Some issues and questions about your setup.
              There was a video years back showing just how much oil was being splashed around inside the valve chamber. This was documented by installing a clear plexiglass cover in place of the metal valve cover. I was very surprised by the amount of splash that occurred inside the galley. So with that being said, i can see how oil can get sucked right up into the valve if it is just threaded through the cover. Many more modern pcv systems have the valve located at a high point on the motor, such as the valve covers or intake manifold. Along with this location most systems have a baffle built in so direct oil splash does not get sucked up. For instance a valve cover would have a metal cage on the inside to prevent this from happening. The source of the vacuum IMO would have to be larger than the standard vacuum wiper port. More like 3/8th would allow for more vacuum to assist in the positive flow of the crankcase. If that is heater hose shown on your setup the oil will swell that in no time and turn it to jelly. This is why i asked in my first question on this thread where would be a good place to put this? Installing on the v/cover would be good but a redesign would be necessary. I too would like to see a picture of Bob's device that he has installed.

              Gil thanks for the info and contribution, I Welcome you to the VFF as well
              3~ Tudor's & 1~ Coupe
              Henry Ford said,
              "It's all nuts and bolts"
              "Start by doing what's necessary; then do what's possible; and suddenly you are doing the impossible."

              Mitch's Auto Service ctr

              Comment


              • #11
                It seems to me that to work properly, you need cross flow of crankcase fumes, so the valve cover is the logical place to tap into. However, that area is almost flooded with oil mist all the time, so you would have to create a baffle setup, to separate the fumes from the oil. Perhaps something up high on the firewall, with a hose leading to it such that fumes can be drawn off with the PCV va!ve, and oil could drain back to the crankcase. Perhaps the wiper port on the intake could be enlarged, for more air flow.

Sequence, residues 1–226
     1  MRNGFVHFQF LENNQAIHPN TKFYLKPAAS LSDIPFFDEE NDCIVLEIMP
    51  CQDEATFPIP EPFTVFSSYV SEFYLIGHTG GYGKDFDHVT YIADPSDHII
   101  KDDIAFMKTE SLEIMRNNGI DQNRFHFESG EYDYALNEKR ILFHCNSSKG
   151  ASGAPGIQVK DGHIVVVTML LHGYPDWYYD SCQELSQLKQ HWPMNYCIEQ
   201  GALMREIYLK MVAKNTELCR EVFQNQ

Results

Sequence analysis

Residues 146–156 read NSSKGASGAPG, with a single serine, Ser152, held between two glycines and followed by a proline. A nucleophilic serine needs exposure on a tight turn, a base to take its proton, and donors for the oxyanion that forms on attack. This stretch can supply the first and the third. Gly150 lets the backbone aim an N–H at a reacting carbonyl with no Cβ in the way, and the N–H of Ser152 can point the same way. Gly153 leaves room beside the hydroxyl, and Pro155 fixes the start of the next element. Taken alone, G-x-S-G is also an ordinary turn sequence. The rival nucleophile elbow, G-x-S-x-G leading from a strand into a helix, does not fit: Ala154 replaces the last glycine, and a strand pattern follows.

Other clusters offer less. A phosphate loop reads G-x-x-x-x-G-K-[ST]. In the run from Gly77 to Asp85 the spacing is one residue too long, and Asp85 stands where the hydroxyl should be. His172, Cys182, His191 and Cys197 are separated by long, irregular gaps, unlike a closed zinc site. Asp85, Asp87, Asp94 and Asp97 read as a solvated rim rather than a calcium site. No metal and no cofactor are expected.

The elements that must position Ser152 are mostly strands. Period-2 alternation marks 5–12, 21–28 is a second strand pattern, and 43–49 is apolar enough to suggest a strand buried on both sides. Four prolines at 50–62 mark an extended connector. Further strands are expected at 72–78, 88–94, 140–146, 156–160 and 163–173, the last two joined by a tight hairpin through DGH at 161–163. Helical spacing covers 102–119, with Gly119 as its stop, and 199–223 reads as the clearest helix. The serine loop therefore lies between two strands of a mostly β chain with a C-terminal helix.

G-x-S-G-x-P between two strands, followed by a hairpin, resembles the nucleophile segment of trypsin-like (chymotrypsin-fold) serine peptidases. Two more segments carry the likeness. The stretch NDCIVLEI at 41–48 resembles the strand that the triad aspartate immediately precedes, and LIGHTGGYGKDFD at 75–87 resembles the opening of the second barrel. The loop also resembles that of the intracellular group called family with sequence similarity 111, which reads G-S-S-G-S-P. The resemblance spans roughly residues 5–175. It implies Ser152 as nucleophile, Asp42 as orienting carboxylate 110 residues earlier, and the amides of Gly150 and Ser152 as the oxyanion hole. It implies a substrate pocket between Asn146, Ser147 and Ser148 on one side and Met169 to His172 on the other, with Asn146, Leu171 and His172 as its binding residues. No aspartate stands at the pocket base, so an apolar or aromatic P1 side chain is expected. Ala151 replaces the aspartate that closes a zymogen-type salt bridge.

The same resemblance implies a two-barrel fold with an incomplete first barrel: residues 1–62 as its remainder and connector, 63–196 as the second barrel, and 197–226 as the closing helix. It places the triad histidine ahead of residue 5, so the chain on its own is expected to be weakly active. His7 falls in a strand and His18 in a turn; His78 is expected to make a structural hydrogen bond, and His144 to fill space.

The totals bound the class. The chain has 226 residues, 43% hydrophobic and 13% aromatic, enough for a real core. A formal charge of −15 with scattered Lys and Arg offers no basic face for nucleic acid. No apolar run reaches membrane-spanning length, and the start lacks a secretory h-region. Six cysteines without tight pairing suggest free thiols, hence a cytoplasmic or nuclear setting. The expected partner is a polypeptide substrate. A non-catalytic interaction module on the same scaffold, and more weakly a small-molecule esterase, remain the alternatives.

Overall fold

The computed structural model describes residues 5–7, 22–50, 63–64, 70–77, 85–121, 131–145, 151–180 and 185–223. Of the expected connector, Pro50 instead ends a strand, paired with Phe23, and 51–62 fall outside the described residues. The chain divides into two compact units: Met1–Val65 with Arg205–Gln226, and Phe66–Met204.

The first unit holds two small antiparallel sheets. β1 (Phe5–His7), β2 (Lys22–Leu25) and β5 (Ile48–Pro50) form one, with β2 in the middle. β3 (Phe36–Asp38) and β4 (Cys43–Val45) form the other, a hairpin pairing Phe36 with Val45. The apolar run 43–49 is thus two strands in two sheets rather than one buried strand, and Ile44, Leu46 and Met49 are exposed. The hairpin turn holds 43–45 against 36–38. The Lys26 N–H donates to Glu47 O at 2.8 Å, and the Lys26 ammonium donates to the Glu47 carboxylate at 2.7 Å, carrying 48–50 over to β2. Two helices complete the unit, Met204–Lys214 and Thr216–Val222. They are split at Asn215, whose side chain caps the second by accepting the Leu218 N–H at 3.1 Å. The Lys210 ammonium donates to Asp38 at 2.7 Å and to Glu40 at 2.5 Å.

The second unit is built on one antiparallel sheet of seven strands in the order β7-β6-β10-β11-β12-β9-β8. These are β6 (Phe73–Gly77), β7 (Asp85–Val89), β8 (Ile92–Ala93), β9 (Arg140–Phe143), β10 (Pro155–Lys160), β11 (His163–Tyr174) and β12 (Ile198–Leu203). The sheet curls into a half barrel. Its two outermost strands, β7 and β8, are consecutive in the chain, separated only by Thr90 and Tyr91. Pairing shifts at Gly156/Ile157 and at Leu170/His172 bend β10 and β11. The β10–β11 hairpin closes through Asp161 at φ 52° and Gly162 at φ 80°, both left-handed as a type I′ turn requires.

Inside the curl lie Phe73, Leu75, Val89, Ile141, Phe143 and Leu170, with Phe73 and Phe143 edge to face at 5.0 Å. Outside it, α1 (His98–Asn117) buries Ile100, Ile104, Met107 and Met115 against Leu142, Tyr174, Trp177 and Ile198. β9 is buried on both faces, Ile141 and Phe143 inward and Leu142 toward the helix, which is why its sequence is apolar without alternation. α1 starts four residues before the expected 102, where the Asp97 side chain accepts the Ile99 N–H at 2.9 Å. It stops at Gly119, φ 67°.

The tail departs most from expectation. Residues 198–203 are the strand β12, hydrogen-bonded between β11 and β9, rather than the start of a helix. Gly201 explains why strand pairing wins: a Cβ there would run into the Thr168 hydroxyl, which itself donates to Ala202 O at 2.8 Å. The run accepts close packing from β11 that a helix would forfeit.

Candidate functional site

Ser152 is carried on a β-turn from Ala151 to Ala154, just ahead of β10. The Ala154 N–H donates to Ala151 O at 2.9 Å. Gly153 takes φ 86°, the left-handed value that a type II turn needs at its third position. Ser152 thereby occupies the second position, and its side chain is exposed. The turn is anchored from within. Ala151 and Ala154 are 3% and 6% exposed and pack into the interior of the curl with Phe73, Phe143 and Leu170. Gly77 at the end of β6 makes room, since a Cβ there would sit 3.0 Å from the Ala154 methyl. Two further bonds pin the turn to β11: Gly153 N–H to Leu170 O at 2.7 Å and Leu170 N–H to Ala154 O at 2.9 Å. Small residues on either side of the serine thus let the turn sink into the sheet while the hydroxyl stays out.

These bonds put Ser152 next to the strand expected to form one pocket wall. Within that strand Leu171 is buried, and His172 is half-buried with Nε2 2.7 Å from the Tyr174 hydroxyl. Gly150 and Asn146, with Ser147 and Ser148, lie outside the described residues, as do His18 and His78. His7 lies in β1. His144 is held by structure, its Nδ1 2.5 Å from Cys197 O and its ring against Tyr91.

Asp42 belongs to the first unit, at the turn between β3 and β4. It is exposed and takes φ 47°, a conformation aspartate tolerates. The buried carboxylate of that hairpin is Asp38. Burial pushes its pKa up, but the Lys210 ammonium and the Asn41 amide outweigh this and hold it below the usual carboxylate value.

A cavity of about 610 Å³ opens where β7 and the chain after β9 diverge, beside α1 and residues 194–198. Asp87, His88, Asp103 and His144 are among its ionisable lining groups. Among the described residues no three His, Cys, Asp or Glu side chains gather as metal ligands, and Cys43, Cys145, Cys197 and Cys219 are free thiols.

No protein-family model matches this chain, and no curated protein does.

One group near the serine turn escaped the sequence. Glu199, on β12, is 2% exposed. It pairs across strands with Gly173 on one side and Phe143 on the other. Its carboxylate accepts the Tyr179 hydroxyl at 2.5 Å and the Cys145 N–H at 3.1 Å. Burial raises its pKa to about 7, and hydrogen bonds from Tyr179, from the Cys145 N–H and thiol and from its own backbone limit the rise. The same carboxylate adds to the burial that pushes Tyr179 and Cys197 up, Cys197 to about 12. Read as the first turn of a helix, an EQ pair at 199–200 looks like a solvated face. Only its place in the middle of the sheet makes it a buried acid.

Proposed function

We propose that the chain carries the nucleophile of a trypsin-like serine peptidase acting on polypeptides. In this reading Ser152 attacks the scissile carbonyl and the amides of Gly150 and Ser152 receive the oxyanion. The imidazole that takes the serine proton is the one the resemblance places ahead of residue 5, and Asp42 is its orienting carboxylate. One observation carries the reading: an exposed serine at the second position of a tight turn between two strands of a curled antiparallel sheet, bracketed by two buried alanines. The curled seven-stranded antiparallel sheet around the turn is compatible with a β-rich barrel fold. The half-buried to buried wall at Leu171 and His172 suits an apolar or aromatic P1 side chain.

Just a mind fart from an old man.
                CB the Wonderful

                Comment


                • #12
                  On my truck I did it a little different. I did not use a valve. I made my own oil filter mount on a old side cover. Put hose connection about in the middle of the cover. Ran that to my air cleaner.Drown" draft carb". Then installed draft tube that has the oil filler tube with it. They were 40ts and early 50ts chev 6.
                  That way you are not putting oil in to the intake. The tube draws the blow by under the car. It helps with the rear main leaks.

                  Comment


                  • #13
                    I was thinking how about putting the valve in the oil filler cap. Would that help or would it just take the fumes that are coming out.Would it reduce the pressure in the crankcase. The good thing would be you could remove it and the engine would be stock again. What do you think.

                    Comment


                    • Mitch
                      Mitch commented
                      Editing a comment
                      I think with the venting of the cap itself that it would be ineffective. The best way is a crossflow as was stated earlier. Breather on one side and the pcv on the other. A pcv needs a place to draw fresh air in like on a breather filter in a more modern type application.... cross flow

                    • George Miller
                      George Miller commented
                      Editing a comment
                      I think you are probably right. I was just thinking it is going to be hard to get to work with out picking up oil from the side cover unless you have a down draft carb. How about a air cleaner up high on the cover side. that would let the air in then the oil would not be a problem. The problem is it would not look so good. Jump in with your ideas the more ideas the better. This is not about trying to be right, just to get ideas which lead to more ideas.
                      Last edited by George Miller; 01-23-2018, 11:02 AM.

                  • #14
                    First off I am upfront in telling you I am not a mechanic.... so pardon me if I don't know
                    all the correct terms here...